The English Guardian reports: “In December last year, near the village of Meliandou in southern Guinea, two-year-old Emile was bitten by one of the fruit bats that fly through west Africa’s skies, often gathering at dusk to roost in trees.” In fact, as the article goes on to make (partially) clear, this is just one hypothesis out of many.
The ‘first’ person infected in the current outbreak may or may not have come into direct contact with a bat, or some other animal; or the outbreak may have occurred in a health facility, rather than in ‘the bush’; the term ‘Patient Zero’ is suitably dramatic for articles about disasters set in exotic locations, but has distracted attention from how people continue to be infected with ebola.
It’s comforting to think that African two year olds are a lot less likely to be bitten by bats now that the scientists, medics and disaster workers have moved in; perhaps African parents will even give up or modify their unsafe bat-hunting habits and take people to hospital if they are thought to be sick, and cease to take vaguely defined risks of being infected at funerals.
Meanwhile, when a healthcare worker in Texas is infected with ebola, being one of the many people who nursed ebola victim Thomas Duncan, a ‘breach of protocol’ is immediately suspected. Another hypothesis, of course (although it leaves out the possibility that the protocol has failed to take into account some additional mode of transmission).
Compare this to an earlier blog post: when 86 people who have no identifiable risks for the virus are infected with hepatitis C in the US, expensive investigations are carried out into possible breaches of infection control processes in the health facilities that the victims attended.
Yet, when millions of Africans who have no identifiable risks for the virus are infected with HIV, an entire industry develops around the prejudiced view that Africans engage in huge amounts of unsafe sex. No investigations are carried out into conditions in health facilities, although various reports show that infection control processes are seriously lacking.
Of course, there was no ebola protocol in West Africa back in December of last year. But all the more reason, then, to investigate health facilities. What kind of infection control processes were in place then, and are now? Subsequent findings suggest that there are severe shortages in trained personnel, supplies and beds, etc, similar to those noted in other African countries.
Rational explanations in western countries, but metaphors and non-rational backstories in Africa. Spacesuits, because it is an exotic virus from a different planet, brave westerners, but only poor and uneducated Africans.
It just seems a bit suspicious that ebola (and HIV and other diseases) are spread through the ignorance and carelessness of victims in African countries, but through a ‘breach of protocol’ in the US. Health facilities are such dangerous places in African countries that it is surprising authorities insisted on rounding up those suspected of being infected with ebola and marching them off to a clinic in the first place.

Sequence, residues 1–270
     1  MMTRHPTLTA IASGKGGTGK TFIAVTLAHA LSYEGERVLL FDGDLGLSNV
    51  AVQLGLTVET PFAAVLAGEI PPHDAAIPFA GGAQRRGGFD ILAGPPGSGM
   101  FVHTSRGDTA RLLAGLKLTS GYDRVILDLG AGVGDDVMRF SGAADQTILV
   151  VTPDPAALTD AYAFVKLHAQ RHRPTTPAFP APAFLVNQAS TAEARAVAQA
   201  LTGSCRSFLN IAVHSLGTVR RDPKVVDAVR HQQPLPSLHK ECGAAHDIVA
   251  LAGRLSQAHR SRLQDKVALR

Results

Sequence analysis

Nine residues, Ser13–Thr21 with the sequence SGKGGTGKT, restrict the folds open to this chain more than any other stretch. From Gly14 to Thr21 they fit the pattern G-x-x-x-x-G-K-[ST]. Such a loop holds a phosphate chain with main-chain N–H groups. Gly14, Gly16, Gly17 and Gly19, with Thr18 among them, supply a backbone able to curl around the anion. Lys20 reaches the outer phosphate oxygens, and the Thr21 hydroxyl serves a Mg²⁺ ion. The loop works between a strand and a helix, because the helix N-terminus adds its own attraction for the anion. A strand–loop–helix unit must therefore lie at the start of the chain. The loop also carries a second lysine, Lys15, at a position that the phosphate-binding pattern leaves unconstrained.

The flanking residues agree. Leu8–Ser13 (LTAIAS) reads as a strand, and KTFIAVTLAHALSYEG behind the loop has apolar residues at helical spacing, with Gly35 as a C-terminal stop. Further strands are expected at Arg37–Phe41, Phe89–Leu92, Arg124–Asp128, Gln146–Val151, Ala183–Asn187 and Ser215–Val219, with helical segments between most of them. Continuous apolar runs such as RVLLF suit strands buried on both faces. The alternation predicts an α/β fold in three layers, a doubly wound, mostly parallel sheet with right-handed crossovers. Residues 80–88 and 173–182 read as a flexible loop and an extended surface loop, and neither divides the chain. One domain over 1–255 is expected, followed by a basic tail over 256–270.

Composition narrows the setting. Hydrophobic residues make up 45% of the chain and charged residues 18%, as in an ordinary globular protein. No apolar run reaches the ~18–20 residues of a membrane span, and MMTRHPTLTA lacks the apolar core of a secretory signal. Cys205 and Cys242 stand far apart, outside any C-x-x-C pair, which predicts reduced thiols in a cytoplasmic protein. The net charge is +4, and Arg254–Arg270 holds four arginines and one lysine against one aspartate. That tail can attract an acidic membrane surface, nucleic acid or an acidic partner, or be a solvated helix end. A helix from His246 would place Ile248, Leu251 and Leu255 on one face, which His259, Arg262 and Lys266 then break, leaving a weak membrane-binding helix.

But that approach may now be challenged if this article in the New York Times is at all correct. It says that officials have admitted defeat and that they are going to “help families tend to patients at home”. About time too. This could be a major turning point if it is taken to its logical conclusion (if logic if given a role, for a change).
As David Gisselquist has pointed out on this site, people are not being asked about possible infection through through healthcare procedures they may have received in the recent past. Gisselquist has been arguing that people should be warned about healthcare risks, treated with respect and fully supported if they decide to care for ebola patients at home.
Long before the current ebola outbreak occurred it was already common practice for healthcare professionals to say as little as possible about lack of safety in facilities, resulting in HIV, hepatitis, TB and other diseases being transmitted through various procedures, such as injections with reused syringes and needles, unsterilized equipment, reused gloves and other materials. This needs to change, as the ebola outbreak shows (and as the hepatitis and HIV epidemics have been demonstrating for several decades).
In the US there are possible insurance claims, professional negligence inquiries, outbreak investigations, protocols to be rewritten, with some of these phenomena possibly being mentioned in the mainstream media from time to time. Oh, and perhaps some much loved mongrels to be euthanized.
But in Africa the media will continue with its customary approach: treat the people as an exotic, primitive species, to be pitied for their funeral practices and ‘bush meat’ hunting, their reluctance to go to a hospital (implied to reflect a suspicion of modern or ‘western’ things or people), etc. There will be lots more ‘ebola orphans’, two year old Emiles, ministering angels in spacesuits and the like.
It’s as if this completely unforseeable ‘perfect storm’ (a metaphor also favored by the media when writing about HIV) took away Patient Zero, and the rest of the outbreak was down to a combination of other ineluctable processes. But, whereas a perfect storm is a rare combination of factors, unsafe healthcare has been around for decades.
The current ebola outbreak is a symptom of decades of unsafe healthcare; it is nothing like a ‘perfect storm’. Two year old Emile, ebola’s putative patient zero, is as far from being the index case as Gaëtan Dugas was for the HIV epidemic. Stopping ebola requires an admission that unsafe healthcare spreads disease and allows isolated outbreaks to become pandemics. Apologies if the truth is far too prosaic to sell newspapers.
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